Top Story

FTSE boosted as weaker UK inflation hits pound again

After the sluggish wages data yesterday, the pound was hit again this morning on news UK inflation remained flat in June, raising further doubts over an August rate hike from the Bank of England. But this was good news for the stock markets, with the commodity-heavy FTSE 100 extending its gains after a sizeable rally the day before and despite ongoing weakness in prices of crude oil and metals.

CPI unchanged in June

The Office for National Statistics reported that the headline consumer price index (CPI) measure of inflation remained unchanged at 2.4% year-over-year in June. This was below expectations for a rise to 2.6%. Meanwhile core CPI eased to 1.9% from 2.1% previously, while other key measures of inflation, including the Retail Price Index, House Price Index and Producer Price Index (both input and output prices) all disappointed expectations, too. The ONS said the increase in transport costs were offset by falling prices of food, clothes and recreation and culture.

Could the pound rebound anyway?

While everything – from soft UK data to ongoing Brexit-related political uncertainty – points to weakness for the pound, it is worth remembering that sterling had been falling sharply of late as some astute investors had already anticipated this outcome. Therefore, profit-taking from this group of market participants could help fuel an unexpected short-squeeze rally in the pound, particularly given how negative sentiment is at the moment. But for the pound’s longer term outlook to turn bullish we will need to see a positive change in fundamental data or political outlook, and ideally backed by evidence of a technical turnaround. Until these conditions are met, any short term bounces in sterling should be taken with a pinch of salt. That said, we expect UK inflation to push higher thanks to the hot weather over the past month and a half, with England’s unexpected ‘success’ at the FIFA Wold Cup also likely to have caused inflationary pressures in some sectors of the economy.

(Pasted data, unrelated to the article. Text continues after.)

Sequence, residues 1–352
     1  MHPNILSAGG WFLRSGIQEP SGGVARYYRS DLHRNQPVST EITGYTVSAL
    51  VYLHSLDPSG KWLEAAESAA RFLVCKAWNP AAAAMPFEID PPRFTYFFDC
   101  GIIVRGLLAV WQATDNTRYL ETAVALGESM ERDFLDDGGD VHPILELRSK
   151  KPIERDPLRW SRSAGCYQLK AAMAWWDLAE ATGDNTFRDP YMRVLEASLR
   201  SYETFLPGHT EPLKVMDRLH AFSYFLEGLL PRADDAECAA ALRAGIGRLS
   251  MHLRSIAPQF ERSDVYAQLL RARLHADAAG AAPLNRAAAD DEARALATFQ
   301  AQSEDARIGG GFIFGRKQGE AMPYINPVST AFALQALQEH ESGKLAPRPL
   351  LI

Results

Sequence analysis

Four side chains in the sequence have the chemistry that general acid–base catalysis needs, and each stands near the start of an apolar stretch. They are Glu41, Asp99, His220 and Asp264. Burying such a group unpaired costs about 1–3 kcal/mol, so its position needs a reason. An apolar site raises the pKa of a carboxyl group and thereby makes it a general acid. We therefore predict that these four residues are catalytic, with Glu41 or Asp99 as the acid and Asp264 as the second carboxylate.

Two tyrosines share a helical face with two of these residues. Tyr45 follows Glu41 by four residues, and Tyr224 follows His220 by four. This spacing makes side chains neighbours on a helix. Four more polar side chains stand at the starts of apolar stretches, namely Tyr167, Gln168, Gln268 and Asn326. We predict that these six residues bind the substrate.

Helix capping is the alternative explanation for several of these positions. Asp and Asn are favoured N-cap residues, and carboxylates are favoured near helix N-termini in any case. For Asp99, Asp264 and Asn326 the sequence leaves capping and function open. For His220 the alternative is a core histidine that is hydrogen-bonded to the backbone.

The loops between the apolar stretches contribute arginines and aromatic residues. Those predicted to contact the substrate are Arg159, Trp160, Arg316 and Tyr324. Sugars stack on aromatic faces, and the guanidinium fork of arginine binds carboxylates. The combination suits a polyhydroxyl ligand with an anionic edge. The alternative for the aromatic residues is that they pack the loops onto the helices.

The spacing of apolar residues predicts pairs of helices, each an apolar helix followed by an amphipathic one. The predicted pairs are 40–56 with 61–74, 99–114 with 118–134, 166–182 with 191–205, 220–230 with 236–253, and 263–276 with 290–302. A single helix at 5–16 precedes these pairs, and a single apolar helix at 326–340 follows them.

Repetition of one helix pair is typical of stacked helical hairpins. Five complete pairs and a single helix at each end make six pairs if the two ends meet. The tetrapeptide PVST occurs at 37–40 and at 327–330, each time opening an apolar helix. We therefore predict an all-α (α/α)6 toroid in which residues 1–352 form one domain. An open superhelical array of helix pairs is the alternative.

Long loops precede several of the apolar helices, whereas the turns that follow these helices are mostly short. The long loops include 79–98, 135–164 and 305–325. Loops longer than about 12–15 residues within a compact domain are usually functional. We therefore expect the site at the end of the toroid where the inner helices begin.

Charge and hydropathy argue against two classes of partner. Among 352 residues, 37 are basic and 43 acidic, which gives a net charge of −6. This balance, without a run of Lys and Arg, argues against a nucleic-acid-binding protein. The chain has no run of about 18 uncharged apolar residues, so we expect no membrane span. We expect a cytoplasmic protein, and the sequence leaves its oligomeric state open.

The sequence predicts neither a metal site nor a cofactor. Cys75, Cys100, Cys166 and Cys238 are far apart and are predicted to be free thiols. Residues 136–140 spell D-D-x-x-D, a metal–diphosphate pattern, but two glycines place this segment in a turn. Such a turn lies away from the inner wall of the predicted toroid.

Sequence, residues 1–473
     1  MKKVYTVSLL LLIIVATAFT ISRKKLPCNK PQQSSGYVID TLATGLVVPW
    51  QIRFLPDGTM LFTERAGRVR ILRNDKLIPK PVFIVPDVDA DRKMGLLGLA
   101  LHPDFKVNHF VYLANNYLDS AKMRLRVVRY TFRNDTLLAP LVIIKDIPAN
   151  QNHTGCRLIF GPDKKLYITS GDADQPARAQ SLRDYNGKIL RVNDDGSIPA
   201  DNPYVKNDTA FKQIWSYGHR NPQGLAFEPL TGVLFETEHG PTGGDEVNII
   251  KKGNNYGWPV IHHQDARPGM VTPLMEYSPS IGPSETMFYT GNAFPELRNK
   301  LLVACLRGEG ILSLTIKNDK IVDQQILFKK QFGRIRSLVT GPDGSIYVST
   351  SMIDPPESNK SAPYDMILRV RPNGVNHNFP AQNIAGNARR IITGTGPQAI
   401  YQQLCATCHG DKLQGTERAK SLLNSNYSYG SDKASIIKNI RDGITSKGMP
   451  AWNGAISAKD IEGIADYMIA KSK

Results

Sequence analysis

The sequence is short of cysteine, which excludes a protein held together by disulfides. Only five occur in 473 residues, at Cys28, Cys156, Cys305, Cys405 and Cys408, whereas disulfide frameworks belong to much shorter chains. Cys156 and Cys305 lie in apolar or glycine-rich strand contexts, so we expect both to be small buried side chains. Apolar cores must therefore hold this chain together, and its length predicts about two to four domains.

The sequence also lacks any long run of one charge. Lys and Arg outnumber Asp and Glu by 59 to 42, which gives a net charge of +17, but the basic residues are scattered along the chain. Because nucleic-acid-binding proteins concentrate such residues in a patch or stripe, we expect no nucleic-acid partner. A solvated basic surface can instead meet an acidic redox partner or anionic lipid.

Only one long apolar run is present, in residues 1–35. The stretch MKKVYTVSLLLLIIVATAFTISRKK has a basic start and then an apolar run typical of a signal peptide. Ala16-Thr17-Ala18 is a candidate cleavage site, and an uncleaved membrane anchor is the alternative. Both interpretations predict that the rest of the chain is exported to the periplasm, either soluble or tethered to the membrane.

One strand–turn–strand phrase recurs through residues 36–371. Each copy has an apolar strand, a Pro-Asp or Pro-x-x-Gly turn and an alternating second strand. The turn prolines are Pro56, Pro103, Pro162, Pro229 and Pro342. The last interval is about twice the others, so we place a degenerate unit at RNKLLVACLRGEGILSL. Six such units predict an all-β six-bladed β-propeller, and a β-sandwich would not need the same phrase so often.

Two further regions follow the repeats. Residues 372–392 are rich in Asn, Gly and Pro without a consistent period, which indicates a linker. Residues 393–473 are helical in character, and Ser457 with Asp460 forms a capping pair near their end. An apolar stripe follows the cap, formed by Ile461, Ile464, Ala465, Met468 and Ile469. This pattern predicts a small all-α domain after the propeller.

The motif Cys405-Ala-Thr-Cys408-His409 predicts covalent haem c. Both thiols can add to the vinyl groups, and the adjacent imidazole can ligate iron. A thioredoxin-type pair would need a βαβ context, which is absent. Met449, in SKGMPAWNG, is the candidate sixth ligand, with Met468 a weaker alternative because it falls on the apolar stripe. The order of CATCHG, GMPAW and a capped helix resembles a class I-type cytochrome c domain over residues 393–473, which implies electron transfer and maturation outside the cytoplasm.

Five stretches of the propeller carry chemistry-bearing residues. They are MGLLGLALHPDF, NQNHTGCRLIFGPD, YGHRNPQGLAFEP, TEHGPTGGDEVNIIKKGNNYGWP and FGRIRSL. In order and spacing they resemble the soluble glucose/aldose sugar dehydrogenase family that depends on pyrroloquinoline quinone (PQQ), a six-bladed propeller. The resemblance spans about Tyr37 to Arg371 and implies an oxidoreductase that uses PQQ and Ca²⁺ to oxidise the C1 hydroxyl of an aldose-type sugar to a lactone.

Poor data is good news for UK stocks

While the pound extended its declines further today, this was good news for UK stocks. A weaker pound helps to boost exports and overseas earnings when converted back to sterling. What’s more, the fact that there will now be slightly less urgency for the BoE to hike interest rates, this will help keep borrowing costs – or expectations thereof – low for a little longer for both consumers and businesses,. This should boost spending and therefore company profits, or so the theory goes. And finally, the resulting lower bond yields is likely to boost the appeal of the higher-yielding stock markets for investors seeking yield.

FTSE in good technical shape